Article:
Have you ever had a problem so big, so overwhelming, and so intractable that it woke you up at 3 am with panic attacks? Caused you to have heart palpitations? Usually around health or money?
It happens to the best of us. Most of us. It’s not fun. And you can get stuck there.
My personal Waterloo was after Sept 11, 2001 when my business tanked by 90% overnight. Nobody wanted business training when they thought the world was ending. Kept me awake, I assure you. Couldn’t pay my bills.
What was yours? How did you handle it?
These are the three most common approaches to big scary issues:
Like the Warrior. Brave, head on, resisting, determined to win. Taking matters in your own hands and going out to battle. Take no prisoners. No surrender. This approach is positive and takes responsibility for the problem. It’s down to me folks. I can’t rely on anyone else.
Or you can be the Realist and stop resisting what is. You put yourself in expert hands and accept you can’t run that marathon. You surrender to reality. This is the way things are so let’s make the best of it. Let’s face it; I’ve never been healthy/good with money. No point in fighting it.
Then there’s the Friend. You make nice with your problem. What is it trying to tell you? You try to rise above it. You look for causes and meaning, and try to root out negative thinking. You relax and trust it will all work out because you believe everything that happens is meant to be.
Each approach has its pros and cons.
Here are some of the cons
The Warrior is stubborn and sometimes won’t listen to others… and can become the Terrorist if you are not careful. This approach can leave you exhausted and bitter. Fighting the battle becomes all consuming and more important than finding a solution. Result: anger, burnout, obsession with your issue, friends avoid you.
The Realist can leave you overmedicated, dependent on therapy groups, and entrenched in your victim story. Defeatist, not trying anything new. You come to believe there is no cure or that you will go bankrupt and lose your home. The Realist becomes the Victim and just throws in the towel. Result: depression, despair, low energy, just getting by but no solution. Friends avoid you.
Alternative treatments can be effective, but sometimes you need more than affirmations and visualizations. Discovering the root cause of your money issues may not save your house from foreclosure. The Friend can become the Fanatic, insisting that meditation will cure everything. Just imagine all that money you’ve got and it will magically appear. Result: no results, loss of faith, sometimes death.
I have two friends who have passed on prematurely because they got stuck in one mode and in each case the shadow took over. One refused blood thinner and insisted on using quantum touch instead for his heart condition, and the other stubbornly stuck to green drinks and a vegan diet for a serious cancer condition. Both are gone now.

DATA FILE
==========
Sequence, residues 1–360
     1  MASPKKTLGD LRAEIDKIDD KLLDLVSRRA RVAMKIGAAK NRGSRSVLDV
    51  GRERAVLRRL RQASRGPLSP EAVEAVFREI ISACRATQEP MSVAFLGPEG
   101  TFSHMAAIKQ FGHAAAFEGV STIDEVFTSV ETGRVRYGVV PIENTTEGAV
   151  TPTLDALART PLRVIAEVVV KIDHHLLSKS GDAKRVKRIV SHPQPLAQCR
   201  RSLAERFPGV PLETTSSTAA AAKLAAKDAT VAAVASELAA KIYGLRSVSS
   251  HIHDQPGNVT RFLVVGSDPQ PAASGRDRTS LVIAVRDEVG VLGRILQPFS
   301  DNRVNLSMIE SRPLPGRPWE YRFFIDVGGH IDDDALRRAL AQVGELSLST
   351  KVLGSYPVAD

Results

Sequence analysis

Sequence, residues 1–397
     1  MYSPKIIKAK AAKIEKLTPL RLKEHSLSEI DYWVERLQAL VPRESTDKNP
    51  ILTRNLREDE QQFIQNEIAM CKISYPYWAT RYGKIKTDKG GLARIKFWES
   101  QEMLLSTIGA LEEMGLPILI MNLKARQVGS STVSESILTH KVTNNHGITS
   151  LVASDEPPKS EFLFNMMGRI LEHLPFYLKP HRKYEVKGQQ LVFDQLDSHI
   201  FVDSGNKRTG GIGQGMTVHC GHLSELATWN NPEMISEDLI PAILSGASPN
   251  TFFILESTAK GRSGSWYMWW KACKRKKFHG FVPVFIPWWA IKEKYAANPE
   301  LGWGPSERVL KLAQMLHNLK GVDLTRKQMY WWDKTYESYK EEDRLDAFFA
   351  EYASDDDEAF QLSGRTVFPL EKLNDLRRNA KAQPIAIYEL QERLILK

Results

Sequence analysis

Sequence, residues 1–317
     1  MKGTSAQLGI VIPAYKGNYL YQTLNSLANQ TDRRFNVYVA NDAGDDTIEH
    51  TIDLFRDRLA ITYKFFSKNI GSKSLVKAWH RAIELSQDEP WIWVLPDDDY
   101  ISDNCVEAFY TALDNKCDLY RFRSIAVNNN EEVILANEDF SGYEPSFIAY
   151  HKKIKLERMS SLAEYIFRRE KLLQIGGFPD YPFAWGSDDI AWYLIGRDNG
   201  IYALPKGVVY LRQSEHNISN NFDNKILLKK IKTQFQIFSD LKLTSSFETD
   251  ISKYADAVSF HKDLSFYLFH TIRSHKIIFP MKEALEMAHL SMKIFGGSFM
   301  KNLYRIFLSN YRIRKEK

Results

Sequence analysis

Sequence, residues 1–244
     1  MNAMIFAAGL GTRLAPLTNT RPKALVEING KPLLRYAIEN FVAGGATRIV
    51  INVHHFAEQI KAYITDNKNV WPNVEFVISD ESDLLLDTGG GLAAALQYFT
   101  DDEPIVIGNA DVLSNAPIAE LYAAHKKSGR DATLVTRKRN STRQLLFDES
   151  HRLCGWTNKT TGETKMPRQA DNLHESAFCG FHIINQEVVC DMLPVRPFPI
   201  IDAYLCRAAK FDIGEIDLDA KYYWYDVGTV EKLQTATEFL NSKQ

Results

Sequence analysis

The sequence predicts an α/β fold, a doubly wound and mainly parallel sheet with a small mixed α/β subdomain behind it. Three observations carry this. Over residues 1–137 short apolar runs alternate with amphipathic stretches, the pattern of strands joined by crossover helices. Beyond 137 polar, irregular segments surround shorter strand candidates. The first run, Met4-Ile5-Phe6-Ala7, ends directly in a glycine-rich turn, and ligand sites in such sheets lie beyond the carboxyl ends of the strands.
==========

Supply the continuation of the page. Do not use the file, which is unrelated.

Would you like to know how to come unstuck from that problem?
Use all three. You need them.
Engage the Warrior and attack with energy and enthusiasm. Do your best. You can do this! But you must take action and stop procrastinating.
Indulge the Realist and give yourself a break. Relax, accept what is for an afternoon and collapse in a heap with the dogs and Netflix. Hey, it wasn’t entirely your fault.
Dialogue with the invisible Friend and look for the underlying causes—what can you learn from this? Is the Universe trying to tell you something? Can this make you a better person?
All three approaches are essential for the best results
What worked with my financial meltdown was this 3-pronged approach: go to battle and try to save my company with other streams of income; put myself in the hands of a financial advisor, swallow my pride and ask for a loan to tide me over; and hey, what was the lesson here that would prevent this happening again? Stay out of debt and live within my means. Save. Hello. I got through it, survived, and eventually thrived.
Recently there was a Netflix documentary about Ram Dass, the well-known and beloved spiritual teacher who suffered a debilitating stroke a few years back. He used the 3-prong remedy: Still in a wheelchair, he seemed really happy, content, at peace, and he said with a smile that the stroke was the best thing to happen to him. He wouldn’t have chosen it, but it was nevertheless a gift. He understood more about life. The Friend. And he was also busy with physical therapy and daily swimming. The Warrior. He had helpers to help him get around. The Realist. Covering all bases.
Sometimes we have to give in and accept help from others. Sometimes we have to put aside our long held beliefs about diet and vitamin pills in the face of serious illness and get to the doctor. Sometimes we need to fight, not accept what we’ve been told, and try different solutions. Sometimes we just need to pray.
The Warrior says you can beat this. The Realist helps you see your limitations. The Friend says, hey we can make something good come out of this. Buck up.
You need all three.
Find that balance between them. Using all three ensures your success.
If you are stuck in that problem then check to see if you are sticking with one mode of approach. Try using all 3 and see what happens. Let me hear from you! I’d love to hear your successes; and if you’re still stuck, maybe I can help.
If you liked this you might also like life-coaching. It’s about how to get your life to work the way you want it to. Visit my website and peruse the blogs, check out my life-coaching books, and find out if personal coaching could be just right for you. www.Margaretnashcoach.com.